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Shoo, Medfly, don’t bother me.

September 20, 2010

After a summer of battle with the infamous Mediterranean fruit fly, DPI came out victorious. The state’s Division of Plant Industry, along with its federal counterparts, worked diligently to eradicate the Medfly and continue to protect Florida’s agriculture industry, environment and economy from the potential devastation this pest could bring to the state.

Commissioner Bronson announced September 1 that eradication has been declared in the Medfly outbreak in Palm Beach County. This means that regulations have been lifted and fruit movement is no longer prohibited. Eradication is achieved when three life cycles of the Medfly, or about 60 days, have passed without finding another wild Medfly.

The Medfly is considered the most serious of the world’s fruit fly pests due to its potential economic harm and threat to our food supply. It attacks more than 250 different fruits, vegetables and nuts, including oranges, grapefruit, lemons, apples, guava, mango, tomatoes and peppers. Population growth may be explosive, as females are capable of producing hundreds of eggs.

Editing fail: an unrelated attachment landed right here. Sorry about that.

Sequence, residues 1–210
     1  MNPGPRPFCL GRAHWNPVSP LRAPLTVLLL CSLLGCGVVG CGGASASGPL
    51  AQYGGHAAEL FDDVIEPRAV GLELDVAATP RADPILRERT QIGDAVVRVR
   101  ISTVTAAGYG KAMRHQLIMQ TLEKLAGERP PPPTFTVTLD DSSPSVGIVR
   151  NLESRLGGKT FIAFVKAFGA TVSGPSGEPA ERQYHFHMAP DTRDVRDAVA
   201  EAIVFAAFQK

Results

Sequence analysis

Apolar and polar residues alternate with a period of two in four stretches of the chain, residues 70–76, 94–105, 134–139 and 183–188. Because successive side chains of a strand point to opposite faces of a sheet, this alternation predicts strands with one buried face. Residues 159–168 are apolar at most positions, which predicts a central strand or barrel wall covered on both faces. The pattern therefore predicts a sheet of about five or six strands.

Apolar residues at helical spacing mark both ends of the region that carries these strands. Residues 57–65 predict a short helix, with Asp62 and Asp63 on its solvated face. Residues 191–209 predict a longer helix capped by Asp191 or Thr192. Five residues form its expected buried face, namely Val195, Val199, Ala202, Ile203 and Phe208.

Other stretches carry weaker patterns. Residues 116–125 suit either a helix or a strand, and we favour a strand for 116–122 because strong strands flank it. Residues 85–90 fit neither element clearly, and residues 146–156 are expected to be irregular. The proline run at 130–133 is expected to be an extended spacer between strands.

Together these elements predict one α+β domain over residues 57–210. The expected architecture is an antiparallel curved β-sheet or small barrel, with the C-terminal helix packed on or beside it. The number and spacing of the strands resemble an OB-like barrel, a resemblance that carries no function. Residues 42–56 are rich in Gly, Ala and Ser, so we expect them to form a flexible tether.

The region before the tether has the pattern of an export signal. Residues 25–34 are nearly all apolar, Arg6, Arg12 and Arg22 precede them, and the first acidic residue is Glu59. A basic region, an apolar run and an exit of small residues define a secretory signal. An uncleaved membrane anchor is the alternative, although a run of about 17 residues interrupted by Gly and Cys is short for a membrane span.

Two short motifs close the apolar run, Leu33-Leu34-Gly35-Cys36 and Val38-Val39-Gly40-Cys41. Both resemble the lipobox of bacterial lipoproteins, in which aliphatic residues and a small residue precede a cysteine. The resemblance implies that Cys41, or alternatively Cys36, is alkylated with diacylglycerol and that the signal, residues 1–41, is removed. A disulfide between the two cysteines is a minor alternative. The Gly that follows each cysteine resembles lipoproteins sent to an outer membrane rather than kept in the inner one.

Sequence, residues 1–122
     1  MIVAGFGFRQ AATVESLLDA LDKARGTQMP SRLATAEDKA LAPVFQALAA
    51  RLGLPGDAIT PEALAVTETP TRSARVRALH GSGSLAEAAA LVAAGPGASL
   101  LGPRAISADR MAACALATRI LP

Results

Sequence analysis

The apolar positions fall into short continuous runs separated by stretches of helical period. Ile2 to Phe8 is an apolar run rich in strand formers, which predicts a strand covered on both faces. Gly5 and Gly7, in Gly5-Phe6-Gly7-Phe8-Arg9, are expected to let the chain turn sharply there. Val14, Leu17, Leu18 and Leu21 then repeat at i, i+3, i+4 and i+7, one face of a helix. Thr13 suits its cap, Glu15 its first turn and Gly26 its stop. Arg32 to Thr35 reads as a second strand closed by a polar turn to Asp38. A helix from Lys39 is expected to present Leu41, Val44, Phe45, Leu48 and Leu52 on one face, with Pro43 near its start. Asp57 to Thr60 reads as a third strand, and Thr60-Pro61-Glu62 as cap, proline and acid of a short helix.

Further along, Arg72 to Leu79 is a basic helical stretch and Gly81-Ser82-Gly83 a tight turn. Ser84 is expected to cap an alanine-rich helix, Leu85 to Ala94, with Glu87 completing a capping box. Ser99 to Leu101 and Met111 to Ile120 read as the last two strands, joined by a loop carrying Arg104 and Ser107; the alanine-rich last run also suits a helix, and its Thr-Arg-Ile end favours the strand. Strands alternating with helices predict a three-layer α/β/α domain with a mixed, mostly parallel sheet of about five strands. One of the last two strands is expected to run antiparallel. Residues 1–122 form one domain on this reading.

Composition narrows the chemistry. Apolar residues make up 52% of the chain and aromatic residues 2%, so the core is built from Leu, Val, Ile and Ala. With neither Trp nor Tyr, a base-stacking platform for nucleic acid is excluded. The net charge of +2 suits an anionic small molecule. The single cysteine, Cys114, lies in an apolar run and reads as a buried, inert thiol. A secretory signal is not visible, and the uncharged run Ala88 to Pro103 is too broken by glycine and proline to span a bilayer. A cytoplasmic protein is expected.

The Medfly eradication program was successful because of the outstanding efforts of DPI’s Incident Control Team. However, credit is due to the Floridians who cooperated with the eradication efforts. Eradication programs cannot be successful without public support.

Federal and state agriculture officials will continue to educate the public about the risks associated with bringing agricultural products illegally into the state that may harbor harmful pests and diseases like the Medfly. Illegal agricultural products are often introduced into the state unknowingly by visitors. However, one piece of infested fruit likely cause this multi-million dollar eradication program that prevented residents from enjoying, and businesses from selling, their fruit and vegetables for a  three-month period, and could have potentially wiped out entire crops.

Help keep Florida Medfly-free! Keep our message in mind: “Don’t Pack a Pest — when traveling, don’t move agricultural products.” Also, purchasing plants from registered Florida nurseries and reporting suspicious plant pests and diseases helps to protect the state. More information can be found on DPI’s website, and you can also call our toll-free help number at 888-397-1517 or e-mail us at DPI-blog@doacs.state.fl.us.

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